Tim Cook, Steve Jobs and an apology

 
Steve Jobs

Yesterday I was occupied from the early hours until late in the evening with radio and television pieces about the death of Steve Jobs. That meant I did not get round to something I needed to do - make an apology to his successor as Apple CEO.

Like many who watched Tim Cook's performance on Tuesday as the iPhone 4S was unveiled, I was distinctly underwhelmed. The whole event was long, ponderous and did not deliver anything particularly newsworthy. And Mr Cook seemed reluctant to be in the spotlight, with other Apple executives occupying the stage for most of the ninety minute event.

Now we know that the presentation was taking place while the company's co-founder, the man who was the inspiration for everything that Apple did, was in his final hours. As the noted blogger Robert Scoble wrote, apologising for his own harsh words about Tuesday's event, that fact must have been known to Tim Cook and his closest colleagues.

It must have been a huge burden to carry, as they went through their paces, trying to keep up to the very high standards set by Steve Jobs.

I called it a "dull debut", for Tim Cook, and said the verdict was that he must do better. But it is now clear that it was completely unfair to judge him on that performance in those circumstances or draw any conclusions about Apple's future under his leadership.

Better by far to examine the way in which the company reported the passing of its founding genius. When I was woken with the news in the early hours yesterday, I went straight to Apple's website. It featured nothing but a simple black and white image of Steve Jobs, and the caption 1955-2011.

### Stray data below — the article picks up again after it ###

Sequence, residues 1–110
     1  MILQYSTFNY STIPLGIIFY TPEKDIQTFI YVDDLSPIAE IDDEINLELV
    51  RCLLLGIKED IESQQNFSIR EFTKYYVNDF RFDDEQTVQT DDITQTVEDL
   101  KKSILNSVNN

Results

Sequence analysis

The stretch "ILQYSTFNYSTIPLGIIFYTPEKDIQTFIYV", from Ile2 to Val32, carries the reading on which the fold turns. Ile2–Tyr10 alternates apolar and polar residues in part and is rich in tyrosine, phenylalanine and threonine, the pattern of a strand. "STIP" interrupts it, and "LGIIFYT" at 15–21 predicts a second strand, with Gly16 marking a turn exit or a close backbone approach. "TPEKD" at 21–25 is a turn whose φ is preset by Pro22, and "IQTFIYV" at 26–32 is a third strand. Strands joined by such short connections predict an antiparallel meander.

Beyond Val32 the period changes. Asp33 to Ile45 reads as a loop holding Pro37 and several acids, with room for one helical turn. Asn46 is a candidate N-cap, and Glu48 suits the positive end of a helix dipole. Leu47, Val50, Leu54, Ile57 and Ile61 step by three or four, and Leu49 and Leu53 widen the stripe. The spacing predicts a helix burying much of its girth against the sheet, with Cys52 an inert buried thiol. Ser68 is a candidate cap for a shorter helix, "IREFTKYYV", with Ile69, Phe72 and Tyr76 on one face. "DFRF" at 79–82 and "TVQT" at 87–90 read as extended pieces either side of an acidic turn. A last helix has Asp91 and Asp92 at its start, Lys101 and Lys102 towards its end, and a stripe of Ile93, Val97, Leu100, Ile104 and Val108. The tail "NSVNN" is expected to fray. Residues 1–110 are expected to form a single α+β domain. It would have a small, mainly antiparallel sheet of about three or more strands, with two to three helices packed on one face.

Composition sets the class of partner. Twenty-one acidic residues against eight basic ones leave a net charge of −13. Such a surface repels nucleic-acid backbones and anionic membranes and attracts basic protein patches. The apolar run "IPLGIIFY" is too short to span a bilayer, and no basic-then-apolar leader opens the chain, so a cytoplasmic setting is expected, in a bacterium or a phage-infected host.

The simplicity and beauty of the design in that familiar font made a fitting tribute to a man who believed so passionately that form mattered as much as function. It was also quite extraordinarily moving.

That a corporate website should bring a lump to your throat might seem outlandish. But that is what Steve Jobs achieved with Apple - he inspired emotion about functional products by making them beautiful.

 
Rory Cellan-Jones Article written by Rory Cellan-Jones Rory Cellan-Jones Technology correspondent

Who has won the social referendum?

Millions on both sides of the Scottish referendum have taken to tweeting and Facebooking their views on the issues - who has come out on top in the social media battle?

Read full article

More on This Story

More from Rory

Comments

This entry is now closed for comments

Jump to comments pagination
 
 

Comments 5 of 89

 

Features

BBC © 2014 The BBC is not responsible for the content of external sites. Read more.

This page is best viewed in an up-to-date web browser with style sheets (CSS) enabled. While you will be able to view the content of this page in your current browser, you will not be able to get the full visual experience. Please consider upgrading your browser software or enabling style sheets (CSS) if you are able to do so.